6000-strong march against Baird in Sydney on May 29..
“Beyond the amiable, good-bloke persona, [NSW Premier] Mike Baird is an aggressively neoliberal politician, who has quietly privatised dozens of state entities.
“At Barangaroo and Darling Harbour he has allowed gross development which has ruined the ambience of both iconic sites. The government agency Urban Growth is working hand in glove with rapacious developers against the public interest. The TAFE [Technical and Further Education] system has been gutted and National Parks staffing decimated.”
The above assessment is typical of letters published recently by the Sydney Morning Herald, following its August 27 editorial, headed: “Baird's Bubble Bursts: Once one of the nation's most popular politicians, Mike Baird is suffering a voter backlash”.
An August 27 ReachTEL poll for Fairfax Media showed Baird trailing NSW Labor opposition leader Luke Foley as preferred premier, 48.7% to 51.3%.
This compares to a poll conducted before the March 2015 state election, which the Coalition won despite a swing to Labor, in which Baird led Foley as preferred premier by a whopping 56% to 27%.
The ReachTEL poll shows Labor level with the Coalition on 50% each in two-party preferred terms — a substantial swing of 4% away from the government. An election carried out in the near future would be neck and neck.
Baird — now known as Mike “Bad” — is feeling the heat from widespread opposition to his relentless support for the controversial WestConnex tollway project; the sacking of dozens of local councils and their forced mergers with nearby councils; and the privatisation of public assets including the electricity network, state-owned properties and social services.
Most recently, Baird has been accused of covering up for former NSW Liberal MPs who have been named in an Independent Commission Against Corruption (ICAC) report. The report, tabled in the NSW parliament on August 30, found that nine Liberal MPs can be prosecuted for “evasion” of state laws which ban electoral donations from property developers.
Foley and Greens spokesperson David Shoebridge have demanded Baird amend the campaign finance laws to permit offenders to be prosecuted. The current legislation puts a three-year limit on legal action and the alleged offences took place in 2010. Baird is resisting, saying the former MPs have already paid a “heavy price” — damage to their reputations.
Baird is also under pressure to sack health minister Jillian Skinner over a number of tragic incidents in Sydney public hospitals, including the death and serious injury to two babies over a mix-up of gas lines in neonatal wards.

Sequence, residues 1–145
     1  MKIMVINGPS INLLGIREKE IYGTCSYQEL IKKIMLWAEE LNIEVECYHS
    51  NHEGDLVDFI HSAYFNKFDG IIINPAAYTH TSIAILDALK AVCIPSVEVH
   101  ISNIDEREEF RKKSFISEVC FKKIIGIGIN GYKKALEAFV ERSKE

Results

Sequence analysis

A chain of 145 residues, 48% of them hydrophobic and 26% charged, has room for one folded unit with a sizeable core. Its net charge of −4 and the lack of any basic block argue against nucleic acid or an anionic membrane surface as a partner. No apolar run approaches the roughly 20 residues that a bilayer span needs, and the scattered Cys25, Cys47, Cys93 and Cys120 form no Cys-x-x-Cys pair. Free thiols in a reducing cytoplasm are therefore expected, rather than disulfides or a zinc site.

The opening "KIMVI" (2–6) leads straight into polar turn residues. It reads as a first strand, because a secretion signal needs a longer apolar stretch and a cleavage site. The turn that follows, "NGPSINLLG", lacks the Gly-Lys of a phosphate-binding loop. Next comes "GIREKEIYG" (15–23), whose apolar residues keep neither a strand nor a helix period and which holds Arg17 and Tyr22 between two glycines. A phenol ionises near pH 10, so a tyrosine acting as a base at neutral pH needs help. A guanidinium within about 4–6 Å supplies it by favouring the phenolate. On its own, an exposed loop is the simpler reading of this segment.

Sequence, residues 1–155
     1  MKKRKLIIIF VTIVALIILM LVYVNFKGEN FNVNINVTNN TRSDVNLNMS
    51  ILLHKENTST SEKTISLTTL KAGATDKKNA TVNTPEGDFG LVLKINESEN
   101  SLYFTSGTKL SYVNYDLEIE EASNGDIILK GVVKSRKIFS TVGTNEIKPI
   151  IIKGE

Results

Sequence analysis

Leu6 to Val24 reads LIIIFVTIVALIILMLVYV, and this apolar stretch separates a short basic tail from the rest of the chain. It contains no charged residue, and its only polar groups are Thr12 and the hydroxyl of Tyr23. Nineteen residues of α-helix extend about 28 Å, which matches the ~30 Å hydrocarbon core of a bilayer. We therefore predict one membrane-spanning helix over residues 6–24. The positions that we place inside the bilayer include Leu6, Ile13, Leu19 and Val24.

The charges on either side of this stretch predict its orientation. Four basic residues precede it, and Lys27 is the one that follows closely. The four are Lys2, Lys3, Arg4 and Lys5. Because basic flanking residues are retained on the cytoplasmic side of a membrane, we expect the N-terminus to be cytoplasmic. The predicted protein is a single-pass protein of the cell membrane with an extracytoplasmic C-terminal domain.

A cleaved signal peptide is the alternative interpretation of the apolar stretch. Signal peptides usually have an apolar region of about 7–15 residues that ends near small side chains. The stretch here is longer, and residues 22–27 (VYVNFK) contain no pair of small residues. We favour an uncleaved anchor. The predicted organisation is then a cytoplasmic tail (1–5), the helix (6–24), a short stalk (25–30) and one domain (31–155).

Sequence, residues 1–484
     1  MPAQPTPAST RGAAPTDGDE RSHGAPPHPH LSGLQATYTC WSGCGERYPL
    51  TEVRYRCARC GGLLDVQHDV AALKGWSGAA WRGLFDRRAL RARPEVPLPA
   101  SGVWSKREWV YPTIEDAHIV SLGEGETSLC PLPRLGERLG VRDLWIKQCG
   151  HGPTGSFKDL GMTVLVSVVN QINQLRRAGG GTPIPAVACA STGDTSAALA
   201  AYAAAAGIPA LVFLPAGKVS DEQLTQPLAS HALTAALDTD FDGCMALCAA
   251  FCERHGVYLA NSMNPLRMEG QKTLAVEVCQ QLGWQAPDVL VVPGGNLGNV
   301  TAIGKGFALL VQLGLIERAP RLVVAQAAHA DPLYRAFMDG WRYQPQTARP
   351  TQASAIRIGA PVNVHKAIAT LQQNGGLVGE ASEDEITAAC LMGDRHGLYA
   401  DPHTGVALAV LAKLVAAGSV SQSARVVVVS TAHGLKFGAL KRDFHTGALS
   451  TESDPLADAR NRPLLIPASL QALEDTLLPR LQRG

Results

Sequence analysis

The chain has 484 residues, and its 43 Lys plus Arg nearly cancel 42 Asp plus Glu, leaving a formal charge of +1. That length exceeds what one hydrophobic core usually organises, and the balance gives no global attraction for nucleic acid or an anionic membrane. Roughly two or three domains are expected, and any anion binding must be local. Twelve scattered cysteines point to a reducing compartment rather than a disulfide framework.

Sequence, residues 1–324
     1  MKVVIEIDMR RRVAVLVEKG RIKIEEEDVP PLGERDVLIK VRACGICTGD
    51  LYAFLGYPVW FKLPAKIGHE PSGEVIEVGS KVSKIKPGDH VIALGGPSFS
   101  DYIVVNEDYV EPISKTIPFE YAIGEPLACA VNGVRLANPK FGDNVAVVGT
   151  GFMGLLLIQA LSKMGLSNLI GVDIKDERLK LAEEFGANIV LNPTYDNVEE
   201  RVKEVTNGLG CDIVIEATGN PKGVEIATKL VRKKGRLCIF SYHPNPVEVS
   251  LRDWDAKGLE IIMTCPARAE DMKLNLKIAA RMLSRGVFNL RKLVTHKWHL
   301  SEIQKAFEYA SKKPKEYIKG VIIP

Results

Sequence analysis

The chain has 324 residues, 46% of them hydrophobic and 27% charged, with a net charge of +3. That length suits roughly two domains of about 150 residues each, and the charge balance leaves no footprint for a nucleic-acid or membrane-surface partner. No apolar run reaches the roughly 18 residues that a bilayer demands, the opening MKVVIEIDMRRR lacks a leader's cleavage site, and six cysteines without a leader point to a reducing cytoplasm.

Baird is under increasing fire for pushing on with Australia's biggest and most expensive privatised roadway project, WestConnex, currently estimated to cost $17 billion and growing. While a recent poll published by Fairfax showed that just 6% do not believe it will be good for Sydney and 48% believe it will, an almost equally large number — almost 46% — were undecided. This has a lot to do with the segmentation of the tollway project, with parts already underway and others still being planned, or re-planned.
Those whose homes are being forcibly acquired, after being under-valued, and those who are witnessing the destruction of trees and parks are protesting and calling for the expansion of public transport instead. The sleeper issue of rising road tolls for western suburbs commuters to pay for WestConnex is yet to have an impact.
However, the federal government's decision to block the sale of a major part of the state's power industry, Ausgrid, to potential Chinese buyers, has dealt the project another blow. It may yet help kill off WestConnex by halting, or severely reducing, the main source of funding.
Baird's decision to close down the cruel greyhound racing industry has also lost him support from supporters of the industry. Sydney's early lock-out laws, affecting pubs and clubs in the inner city, have also generated a lot of heat.
The privatisation of public housing all over NSW, and most notably in inner Sydney, is another reason for Baird's downturn in the polls. Public housing tenants have been evicted from their homes in historic and beautiful Millers Point, and nearly 400 homes have been sold. There is also a plan to demolish public housing at Waterloo to allow for the private development of expensive apartments.
Recently, unionists in Newcastle rallied against the NSW government's decision to outsource the construction of new trains to a South Korean company, with the likely loss of hundreds of jobs in the state.
Teachers and students have been campaigning for years against cuts to TAFE, and public sector unions have been protesting jobs and service cuts in NSW.
On August 30 a parliamentary inquiry heard that more than two-thirds of NSW schools are full and 180 are stretched beyond capacity. This overcrowding will only worsen as the number of school children increases without adequate planning.
All these concerns, and more, were behind the 6000-strong march against Baird in Sydney on May 29. It was one of the largest marches for some time. The various protest movements are growing and the challenge now is to unite them into a force strong enough to defeat Baird and his neoliberal agenda.
The NSW state election is not due until 2019, but a strong movement can force Baird back. The struggle against neoliberal state and federal governments is the critical challenge facing the social movements and the unions right now.